Apple must hand over $14.5 billion in unpaid taxes after the European Commission ruled that Ireland had granted the iPhone maker illegal tax benefits.
It is a record-breaking ruling from the Commission, but not one that will cause undue hardship to Apple, which is known to have hundreds of billions of dollars in its coffers.
The European Union’s agency opened an investigation in the summer of 2014 to determine if Ireland was indeed acting as a tax sanctuary for Apple.
The two-year probe determined that Apple’s deal with Ireland enabled the company, between 2003 and 2014, to pay very little on the business it does in Europe. Because of that deal, Apple was able to channel revenue from two Irish subsidiaries to a “head office” with “no employees, no premises, no real activities,” Commissioner Margrethe Vestager said.
Vestager has subsequently ordered the Irish government to recover the “illegal aid” it gave to Apple.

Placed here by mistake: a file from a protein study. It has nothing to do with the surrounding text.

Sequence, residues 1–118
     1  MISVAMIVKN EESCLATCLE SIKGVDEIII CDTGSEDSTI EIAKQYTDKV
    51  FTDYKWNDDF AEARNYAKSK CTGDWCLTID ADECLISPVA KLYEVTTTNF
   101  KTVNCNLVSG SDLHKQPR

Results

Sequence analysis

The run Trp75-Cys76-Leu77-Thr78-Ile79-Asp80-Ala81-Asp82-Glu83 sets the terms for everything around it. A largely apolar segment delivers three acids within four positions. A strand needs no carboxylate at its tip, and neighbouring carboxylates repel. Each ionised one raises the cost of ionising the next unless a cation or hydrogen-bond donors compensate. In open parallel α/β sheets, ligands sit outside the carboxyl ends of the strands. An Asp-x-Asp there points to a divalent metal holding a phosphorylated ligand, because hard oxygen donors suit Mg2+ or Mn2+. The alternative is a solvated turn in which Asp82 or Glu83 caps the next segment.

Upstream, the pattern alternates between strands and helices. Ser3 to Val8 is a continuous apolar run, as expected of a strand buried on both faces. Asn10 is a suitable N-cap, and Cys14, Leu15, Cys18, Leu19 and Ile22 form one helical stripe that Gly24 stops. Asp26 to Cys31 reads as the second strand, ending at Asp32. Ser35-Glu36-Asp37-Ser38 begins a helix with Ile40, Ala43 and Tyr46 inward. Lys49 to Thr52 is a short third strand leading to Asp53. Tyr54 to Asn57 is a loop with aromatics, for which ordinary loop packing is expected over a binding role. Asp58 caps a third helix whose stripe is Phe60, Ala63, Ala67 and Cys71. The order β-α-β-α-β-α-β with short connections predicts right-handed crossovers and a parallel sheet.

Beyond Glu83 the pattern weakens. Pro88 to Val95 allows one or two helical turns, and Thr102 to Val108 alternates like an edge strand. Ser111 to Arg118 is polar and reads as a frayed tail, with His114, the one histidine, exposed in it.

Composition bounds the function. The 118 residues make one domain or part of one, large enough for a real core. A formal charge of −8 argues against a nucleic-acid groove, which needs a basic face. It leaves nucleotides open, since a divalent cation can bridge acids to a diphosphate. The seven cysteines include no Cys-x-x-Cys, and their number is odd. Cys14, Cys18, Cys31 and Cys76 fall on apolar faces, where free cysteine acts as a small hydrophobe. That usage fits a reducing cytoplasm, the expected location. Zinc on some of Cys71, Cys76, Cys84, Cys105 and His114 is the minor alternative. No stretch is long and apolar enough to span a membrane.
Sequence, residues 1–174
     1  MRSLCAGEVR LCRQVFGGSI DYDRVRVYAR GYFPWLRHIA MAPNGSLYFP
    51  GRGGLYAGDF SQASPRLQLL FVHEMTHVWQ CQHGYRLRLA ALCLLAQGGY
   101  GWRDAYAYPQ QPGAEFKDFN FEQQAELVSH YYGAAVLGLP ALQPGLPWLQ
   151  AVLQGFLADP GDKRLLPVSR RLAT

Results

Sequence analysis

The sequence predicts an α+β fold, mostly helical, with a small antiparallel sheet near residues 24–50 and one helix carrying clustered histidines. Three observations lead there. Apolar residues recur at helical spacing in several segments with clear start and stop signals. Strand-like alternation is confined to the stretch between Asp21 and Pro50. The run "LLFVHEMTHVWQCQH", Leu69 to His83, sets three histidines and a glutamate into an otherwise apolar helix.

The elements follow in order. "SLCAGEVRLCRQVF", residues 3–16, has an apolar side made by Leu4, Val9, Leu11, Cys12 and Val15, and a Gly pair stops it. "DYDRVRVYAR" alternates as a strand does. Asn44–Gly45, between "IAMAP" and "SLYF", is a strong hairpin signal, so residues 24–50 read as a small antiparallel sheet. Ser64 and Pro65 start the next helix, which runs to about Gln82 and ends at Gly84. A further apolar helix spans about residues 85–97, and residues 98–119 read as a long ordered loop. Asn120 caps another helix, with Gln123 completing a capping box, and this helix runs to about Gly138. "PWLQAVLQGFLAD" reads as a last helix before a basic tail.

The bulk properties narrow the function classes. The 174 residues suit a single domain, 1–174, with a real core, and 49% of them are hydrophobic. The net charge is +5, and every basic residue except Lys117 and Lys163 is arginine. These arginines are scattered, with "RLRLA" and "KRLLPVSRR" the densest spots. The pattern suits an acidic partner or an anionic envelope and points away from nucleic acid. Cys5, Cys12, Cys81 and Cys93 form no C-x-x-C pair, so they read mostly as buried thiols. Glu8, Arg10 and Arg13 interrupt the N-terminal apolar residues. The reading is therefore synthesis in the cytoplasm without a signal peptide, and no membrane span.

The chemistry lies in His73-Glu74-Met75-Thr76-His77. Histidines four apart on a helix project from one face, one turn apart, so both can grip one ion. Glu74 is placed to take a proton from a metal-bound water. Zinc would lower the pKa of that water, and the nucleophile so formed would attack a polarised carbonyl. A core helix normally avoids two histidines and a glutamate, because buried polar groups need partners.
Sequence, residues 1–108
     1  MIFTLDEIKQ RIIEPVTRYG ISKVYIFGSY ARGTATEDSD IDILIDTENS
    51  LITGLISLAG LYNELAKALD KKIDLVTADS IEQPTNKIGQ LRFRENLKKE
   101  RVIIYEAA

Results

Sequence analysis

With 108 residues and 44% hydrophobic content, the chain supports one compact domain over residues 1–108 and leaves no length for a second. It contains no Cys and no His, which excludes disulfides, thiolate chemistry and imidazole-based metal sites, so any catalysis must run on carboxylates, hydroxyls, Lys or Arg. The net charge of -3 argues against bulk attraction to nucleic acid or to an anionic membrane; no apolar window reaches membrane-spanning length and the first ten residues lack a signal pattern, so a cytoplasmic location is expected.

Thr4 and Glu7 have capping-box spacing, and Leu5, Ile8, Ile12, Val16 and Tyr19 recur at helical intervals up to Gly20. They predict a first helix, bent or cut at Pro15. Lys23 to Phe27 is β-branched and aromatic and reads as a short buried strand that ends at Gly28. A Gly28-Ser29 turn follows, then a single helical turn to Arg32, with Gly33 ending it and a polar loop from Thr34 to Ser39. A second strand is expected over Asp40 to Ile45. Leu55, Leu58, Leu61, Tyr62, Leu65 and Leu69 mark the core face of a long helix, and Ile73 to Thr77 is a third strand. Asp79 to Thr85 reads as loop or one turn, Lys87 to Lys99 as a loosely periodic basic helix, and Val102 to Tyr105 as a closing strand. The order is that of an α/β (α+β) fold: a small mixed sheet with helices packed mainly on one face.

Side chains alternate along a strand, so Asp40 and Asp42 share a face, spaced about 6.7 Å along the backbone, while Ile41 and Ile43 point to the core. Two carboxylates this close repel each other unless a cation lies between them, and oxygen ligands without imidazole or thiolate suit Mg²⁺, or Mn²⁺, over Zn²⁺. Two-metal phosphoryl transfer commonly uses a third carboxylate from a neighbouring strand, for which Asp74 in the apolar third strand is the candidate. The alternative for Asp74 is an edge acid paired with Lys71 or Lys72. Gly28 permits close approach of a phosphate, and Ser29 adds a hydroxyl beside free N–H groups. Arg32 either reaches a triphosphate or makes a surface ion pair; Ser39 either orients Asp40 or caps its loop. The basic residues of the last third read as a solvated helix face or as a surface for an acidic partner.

“Member States cannot give tax benefits to selected companies – this is illegal under EU state aid rules,” Vestager said in a press release. “The Commission’s investigation concluded that Ireland granted illegal tax benefits to Apple, which enabled it to pay substantially less tax than other businesses over many years. In fact, this selective treatment allowed Apple to pay an effective corporate tax rate of one per cent on its European profits in 2003 down to 0.005 per cent in 2014.”
Apple and the Irish government, predictably, are not happy with the ruling and are vowing to appeal the decision.
Apple CEO Tim Cook, in a statement to the BBC, said the European Commission is trying to “rewrite Apple’s history in Europe, ignore Ireland’s tax laws and upend the international tax system in the process,”
“The Commission’s case is not about how much Apple pays in taxes, it’s about which government collects the money,” Cook continued. “It will have a profound and harmful effect on investment and job creation in Europe. Apple follows the law and pays all of the taxes we owe wherever we operate. We will appeal and we are confident the decision will be overturned.”
Ireland’s finance ministry, meanwhile, has accused the Commission of trying to undermine its country’s tax system.
“The decision leaves me with no choice but to seek cabinet approval to appeal,” Irish Finance Minister Michael Noonan told Reuters. “This is necessary to defend the integrity of our tax system; to provide tax certainty to business; and to challenge the encroachment of EU state aid rules into the sovereign member state competence of taxation.”